Dwana R. Shabazz, MD-MPH is a board-certified Dermatologist with a Master of Public Health in Community Health. Upon completing residency in 2006, she joined Dermatology Associates of Northern Virginia. While there, she further developed her clinical, teamwork, and leadership skills. This led to her stepping out on faith and opening Renascance Dermatology, P.C in 2013.

While developing her business, she continued to not only practice clinically, but also educate and serve her colleagues and the community. In the Summer 2013, she was a speaker for the Dermatology Section of the National Medical Association (NMA)- topic Maintenance of Certification. Also, in 2013, she served as a community consultant for Galderma by educating consumers about a new product line.

From 2014-2016, Dr. Shabazz was a contributor to Fairfax Woman Magazine. She was a mentee to the Journal of American Academy of Dermatology (JAAD) Editorial Mentorship Program in 2016. The NBC Health and Fitness Expo is an annual event in Washington, D.C. In 2017, through the American Academy of Dermatology (AAD) Spot Me Program, she volunteered as a skin cancer screener. Dr. Shabazz participated in Howard University’s Dermatology Visiting Lecturer Series in 2020. She spoke to residents about career choices after residency.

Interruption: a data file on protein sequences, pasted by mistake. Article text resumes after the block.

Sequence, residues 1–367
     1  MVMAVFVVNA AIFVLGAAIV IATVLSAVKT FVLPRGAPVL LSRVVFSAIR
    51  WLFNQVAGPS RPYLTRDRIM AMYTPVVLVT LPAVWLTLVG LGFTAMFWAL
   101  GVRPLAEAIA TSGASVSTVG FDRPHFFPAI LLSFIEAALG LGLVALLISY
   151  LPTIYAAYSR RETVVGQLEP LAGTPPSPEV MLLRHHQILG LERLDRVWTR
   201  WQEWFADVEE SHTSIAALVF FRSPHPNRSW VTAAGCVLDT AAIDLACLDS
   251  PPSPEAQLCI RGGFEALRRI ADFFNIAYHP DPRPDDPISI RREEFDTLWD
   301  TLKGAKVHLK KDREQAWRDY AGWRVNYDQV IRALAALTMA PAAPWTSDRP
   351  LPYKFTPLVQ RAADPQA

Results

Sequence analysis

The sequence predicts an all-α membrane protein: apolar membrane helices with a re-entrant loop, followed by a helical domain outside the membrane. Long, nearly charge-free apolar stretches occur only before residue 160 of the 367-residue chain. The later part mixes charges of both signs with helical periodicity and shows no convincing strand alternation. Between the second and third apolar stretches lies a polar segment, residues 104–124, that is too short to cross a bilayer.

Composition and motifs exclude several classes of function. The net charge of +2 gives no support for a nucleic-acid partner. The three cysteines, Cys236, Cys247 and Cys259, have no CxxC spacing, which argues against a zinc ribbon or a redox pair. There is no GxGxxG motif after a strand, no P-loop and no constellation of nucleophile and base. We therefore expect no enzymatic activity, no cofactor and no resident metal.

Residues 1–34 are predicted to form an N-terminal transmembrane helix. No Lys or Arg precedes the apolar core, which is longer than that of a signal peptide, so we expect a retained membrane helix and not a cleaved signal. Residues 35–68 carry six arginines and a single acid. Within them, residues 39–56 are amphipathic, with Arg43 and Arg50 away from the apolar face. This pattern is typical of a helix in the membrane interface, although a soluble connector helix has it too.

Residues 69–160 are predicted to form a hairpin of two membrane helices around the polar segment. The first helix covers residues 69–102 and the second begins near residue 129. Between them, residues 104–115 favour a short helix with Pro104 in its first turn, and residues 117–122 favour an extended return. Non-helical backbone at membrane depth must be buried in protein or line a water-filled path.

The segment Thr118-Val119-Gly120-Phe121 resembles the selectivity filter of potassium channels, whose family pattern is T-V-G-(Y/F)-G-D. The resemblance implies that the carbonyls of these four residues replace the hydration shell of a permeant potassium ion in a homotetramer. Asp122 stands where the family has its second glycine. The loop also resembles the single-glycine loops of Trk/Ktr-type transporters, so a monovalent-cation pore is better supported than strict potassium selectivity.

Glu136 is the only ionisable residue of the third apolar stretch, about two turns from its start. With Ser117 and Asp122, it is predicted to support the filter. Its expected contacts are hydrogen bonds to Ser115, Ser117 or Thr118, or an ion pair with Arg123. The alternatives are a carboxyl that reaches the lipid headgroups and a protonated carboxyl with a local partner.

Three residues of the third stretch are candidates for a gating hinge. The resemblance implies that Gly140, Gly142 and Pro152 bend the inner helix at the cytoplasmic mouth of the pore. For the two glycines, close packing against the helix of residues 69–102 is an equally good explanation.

She received her Bachelor of Science degree in Biology from the Xavier University of Louisiana. She completed both her Medical degree and Master of Public Health degree at George Washington University. Her dermatology residency was completed at King Drew Medical Center in Los Angeles, California.
In her spare time, she enjoys spending time with her husband, daughter, and son. The family particularly enjoys participating in and watching sports and travelling. Her desire is to be able to bridge her dermatologic skills with her enthusiasm for sports.


Actinic Keratoses

Actinic Keratoses (AKs) are precancerous lesions that can develop into squamous cell carcinoma. AKs are one of the most common skin conditions that dermatologists treat. They develop because of an... Continue Reading